Sunday, 6 December 2009

Glasgow in Lights

I've been living my life in Glasgow for the past few months, yet have neglected to relay any of it on here. Very naughty of me. I will now vow to update this more often, which will be challenging whilst writing a dissertation, yet I have made the vow...

This seems a pretty perfect time to resume this blog, given that Glasgow is now buzzing with activity as the Christmas countdown begins. George Square is once again glittering with Christmas lights and the whole of the city seems to be under the magical Christmas spell. I love this time of year in Glasgow. George Square is arguably the place to be if you want to be filled with Christmas spirit, and I'm not just taking about mulled wine. What could be more Christmassy than holding hands with your best friends as you try to stable each other on the ice rink, or cuddling up with a loved one in the carousel as it spins you round and round and reminds you of those happy days of your childhood? Where else would a 30 minute queue to visit Santa not bother you at all, because the smile on a child's face as he leaves the Grotto makes it all worth it? How better to reflect on the true meaning of Christmas than being there for the blessing of the crib and admiring the beautiful Nativity scene encased in glass? There is plenty of cheap, mass produced and tacky merchandise around at this time of year, but visiting a place like George Square, where you are surrounded by people who share your desire for festive cheer, allows you to forget the mountain of work on your desk and just be a child again. There's no doubt the magic of Christmas does dwindle somewhat the older you get, but it's places like this that permit you that brief nostalgic moment.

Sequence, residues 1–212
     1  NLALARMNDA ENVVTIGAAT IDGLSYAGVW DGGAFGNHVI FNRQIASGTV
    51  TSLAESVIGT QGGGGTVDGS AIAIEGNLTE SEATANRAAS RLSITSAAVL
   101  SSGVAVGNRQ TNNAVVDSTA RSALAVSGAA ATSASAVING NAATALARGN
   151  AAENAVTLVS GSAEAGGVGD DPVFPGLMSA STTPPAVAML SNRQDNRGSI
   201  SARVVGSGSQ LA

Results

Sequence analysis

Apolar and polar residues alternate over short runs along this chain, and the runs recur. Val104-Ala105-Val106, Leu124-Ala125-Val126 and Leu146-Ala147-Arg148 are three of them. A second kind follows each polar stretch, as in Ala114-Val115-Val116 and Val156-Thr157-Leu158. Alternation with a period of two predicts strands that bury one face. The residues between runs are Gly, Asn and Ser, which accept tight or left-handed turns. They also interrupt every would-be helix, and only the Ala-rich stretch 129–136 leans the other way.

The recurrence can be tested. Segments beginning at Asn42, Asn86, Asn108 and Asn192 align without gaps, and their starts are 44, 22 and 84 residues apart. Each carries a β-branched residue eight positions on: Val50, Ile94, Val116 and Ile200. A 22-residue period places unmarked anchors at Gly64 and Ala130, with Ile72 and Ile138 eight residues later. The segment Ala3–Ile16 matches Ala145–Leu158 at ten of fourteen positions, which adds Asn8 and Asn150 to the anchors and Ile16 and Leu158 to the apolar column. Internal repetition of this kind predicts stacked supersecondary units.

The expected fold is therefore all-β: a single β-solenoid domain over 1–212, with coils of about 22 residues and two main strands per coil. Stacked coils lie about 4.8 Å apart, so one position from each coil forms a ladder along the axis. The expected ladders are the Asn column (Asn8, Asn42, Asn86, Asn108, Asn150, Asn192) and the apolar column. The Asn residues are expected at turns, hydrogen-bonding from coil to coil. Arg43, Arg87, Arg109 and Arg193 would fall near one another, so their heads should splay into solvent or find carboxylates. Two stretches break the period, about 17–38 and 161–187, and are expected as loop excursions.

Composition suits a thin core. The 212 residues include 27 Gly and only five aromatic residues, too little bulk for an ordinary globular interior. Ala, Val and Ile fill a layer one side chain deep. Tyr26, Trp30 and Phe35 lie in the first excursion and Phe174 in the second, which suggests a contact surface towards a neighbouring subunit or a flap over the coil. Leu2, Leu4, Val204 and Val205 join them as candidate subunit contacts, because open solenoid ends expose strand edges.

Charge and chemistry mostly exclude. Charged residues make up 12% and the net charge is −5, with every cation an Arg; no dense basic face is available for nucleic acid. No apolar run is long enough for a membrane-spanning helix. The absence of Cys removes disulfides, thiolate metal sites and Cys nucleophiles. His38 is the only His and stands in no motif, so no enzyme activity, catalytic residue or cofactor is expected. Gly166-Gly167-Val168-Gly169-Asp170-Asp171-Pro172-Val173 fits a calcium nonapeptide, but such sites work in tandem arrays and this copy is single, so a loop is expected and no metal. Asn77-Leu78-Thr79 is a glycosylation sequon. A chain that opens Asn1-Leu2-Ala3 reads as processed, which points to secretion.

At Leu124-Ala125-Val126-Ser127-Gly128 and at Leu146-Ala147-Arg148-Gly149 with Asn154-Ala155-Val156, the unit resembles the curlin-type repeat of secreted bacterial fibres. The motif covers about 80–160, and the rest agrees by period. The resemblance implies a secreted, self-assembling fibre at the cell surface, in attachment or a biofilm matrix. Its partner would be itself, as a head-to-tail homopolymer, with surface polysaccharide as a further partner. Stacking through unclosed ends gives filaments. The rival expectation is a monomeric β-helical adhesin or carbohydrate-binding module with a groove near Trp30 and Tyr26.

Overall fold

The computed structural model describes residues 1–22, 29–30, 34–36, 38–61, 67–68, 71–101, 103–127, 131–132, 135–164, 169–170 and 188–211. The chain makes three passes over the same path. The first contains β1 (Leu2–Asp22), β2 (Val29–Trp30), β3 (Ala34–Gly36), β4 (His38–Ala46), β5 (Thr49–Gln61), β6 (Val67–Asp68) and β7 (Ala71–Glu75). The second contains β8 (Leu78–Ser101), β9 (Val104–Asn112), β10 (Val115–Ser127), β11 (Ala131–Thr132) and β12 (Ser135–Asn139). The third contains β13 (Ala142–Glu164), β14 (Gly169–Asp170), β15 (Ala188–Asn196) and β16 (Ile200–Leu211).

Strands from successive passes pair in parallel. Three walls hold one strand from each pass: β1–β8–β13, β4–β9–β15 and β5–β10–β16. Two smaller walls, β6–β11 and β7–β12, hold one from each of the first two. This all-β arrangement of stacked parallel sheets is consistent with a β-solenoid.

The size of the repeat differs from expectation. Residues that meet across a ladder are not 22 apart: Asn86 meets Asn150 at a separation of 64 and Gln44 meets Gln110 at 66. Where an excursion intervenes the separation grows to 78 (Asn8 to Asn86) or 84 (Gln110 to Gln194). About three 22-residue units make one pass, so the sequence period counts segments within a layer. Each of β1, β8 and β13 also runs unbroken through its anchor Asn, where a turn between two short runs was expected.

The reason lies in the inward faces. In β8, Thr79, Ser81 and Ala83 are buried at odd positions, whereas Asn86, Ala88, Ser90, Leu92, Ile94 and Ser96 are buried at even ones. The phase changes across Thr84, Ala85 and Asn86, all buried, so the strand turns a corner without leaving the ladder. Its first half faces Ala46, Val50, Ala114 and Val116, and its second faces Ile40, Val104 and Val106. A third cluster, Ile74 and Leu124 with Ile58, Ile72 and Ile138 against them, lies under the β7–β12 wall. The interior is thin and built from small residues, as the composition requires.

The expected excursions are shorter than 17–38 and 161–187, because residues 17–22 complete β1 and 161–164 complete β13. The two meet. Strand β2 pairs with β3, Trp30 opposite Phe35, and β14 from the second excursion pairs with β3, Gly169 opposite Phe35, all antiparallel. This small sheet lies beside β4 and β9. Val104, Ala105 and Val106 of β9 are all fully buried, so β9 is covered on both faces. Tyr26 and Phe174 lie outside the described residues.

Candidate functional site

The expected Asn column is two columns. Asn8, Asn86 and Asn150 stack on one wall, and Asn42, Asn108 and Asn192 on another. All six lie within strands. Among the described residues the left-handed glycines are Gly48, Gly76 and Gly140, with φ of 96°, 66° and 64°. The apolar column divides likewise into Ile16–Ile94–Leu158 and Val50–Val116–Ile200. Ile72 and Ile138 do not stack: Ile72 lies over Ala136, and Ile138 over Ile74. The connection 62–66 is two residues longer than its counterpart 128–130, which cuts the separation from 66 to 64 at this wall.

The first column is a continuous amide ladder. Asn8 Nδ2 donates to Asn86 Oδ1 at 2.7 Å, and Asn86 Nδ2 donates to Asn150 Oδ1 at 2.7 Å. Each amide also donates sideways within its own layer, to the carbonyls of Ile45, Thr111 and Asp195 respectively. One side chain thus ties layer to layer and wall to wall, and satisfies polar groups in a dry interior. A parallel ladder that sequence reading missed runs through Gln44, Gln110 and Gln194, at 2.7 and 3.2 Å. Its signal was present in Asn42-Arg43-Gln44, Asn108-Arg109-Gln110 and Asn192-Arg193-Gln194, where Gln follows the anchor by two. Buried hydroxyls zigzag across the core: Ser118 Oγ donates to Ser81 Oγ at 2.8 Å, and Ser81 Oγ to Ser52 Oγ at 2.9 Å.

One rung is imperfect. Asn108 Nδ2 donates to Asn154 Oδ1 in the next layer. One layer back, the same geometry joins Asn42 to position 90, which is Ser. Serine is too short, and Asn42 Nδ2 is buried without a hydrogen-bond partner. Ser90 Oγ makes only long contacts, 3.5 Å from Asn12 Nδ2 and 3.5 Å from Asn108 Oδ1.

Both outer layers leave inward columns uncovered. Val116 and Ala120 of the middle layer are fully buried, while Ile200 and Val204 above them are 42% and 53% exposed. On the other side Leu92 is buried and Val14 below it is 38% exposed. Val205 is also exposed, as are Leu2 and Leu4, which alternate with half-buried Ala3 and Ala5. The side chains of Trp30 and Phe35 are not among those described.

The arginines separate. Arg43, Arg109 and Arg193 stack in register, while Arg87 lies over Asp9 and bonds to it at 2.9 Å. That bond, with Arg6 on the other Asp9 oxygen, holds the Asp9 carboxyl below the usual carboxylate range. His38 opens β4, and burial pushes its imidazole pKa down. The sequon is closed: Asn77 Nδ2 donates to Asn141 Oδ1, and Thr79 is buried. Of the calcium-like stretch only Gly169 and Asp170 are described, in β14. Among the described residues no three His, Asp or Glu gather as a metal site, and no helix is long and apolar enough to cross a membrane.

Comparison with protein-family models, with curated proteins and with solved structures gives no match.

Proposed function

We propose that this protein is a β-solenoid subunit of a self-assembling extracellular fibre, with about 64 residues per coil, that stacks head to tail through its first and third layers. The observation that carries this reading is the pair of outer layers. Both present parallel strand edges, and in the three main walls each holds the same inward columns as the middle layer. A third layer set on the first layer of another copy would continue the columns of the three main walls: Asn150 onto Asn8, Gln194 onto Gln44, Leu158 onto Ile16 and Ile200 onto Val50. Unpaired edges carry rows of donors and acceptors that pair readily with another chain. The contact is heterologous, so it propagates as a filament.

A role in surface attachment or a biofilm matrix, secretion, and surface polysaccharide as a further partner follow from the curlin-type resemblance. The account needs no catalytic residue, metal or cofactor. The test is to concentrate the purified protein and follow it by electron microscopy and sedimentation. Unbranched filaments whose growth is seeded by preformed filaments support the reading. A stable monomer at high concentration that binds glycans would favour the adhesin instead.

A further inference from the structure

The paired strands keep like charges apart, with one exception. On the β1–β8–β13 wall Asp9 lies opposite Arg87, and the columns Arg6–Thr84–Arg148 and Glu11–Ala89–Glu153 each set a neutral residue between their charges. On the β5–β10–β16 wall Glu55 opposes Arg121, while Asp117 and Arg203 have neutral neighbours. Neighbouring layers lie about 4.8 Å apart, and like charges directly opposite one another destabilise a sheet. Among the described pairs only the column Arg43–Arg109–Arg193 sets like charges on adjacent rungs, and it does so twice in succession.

Some may argue that this extravagant and 'glitzy' display distracts from the true meaning of Christmas Maybe it does a little, but as a Catholic myself I have to say that the glittering lights and festive atmosphere creates a happiness that is very much needed at this time of year, particularly as so many people are suffering financial hardship and employment uncertainty. I genuinely think people are thinking more about the true meaning of Christmas this year. Of course, not everyone is focusing on this being the season of Advent leading up to the celebration of the birth of Christ, but people are realising what is truly important to them; family, friends, happiness. I'm sure that the feeling that many of the children have when they meet Santa in his Grotto will stay with them far longer than the must have toy they unwrap on Christmas morning. The memory of your friends giggling as you fall bum first on the ice will still remain long after you have eaten the chocolates and drunk the wine you received from your 'Secret Santa'. Christmas isn't just about the glitter and the tinsel and it isn't just about Jesus (my priest may choke on his tea at that), not in 2009. Christmas 2009, for me, is about spending time with those you love, really thinking about what you have and appreciating it and having a little fun for a change. This December, I'll be spending more time in George Square and less time surrounded by books and a computer, making memories to last me a lifetime and sharing the Christmas spirit with everyone I can.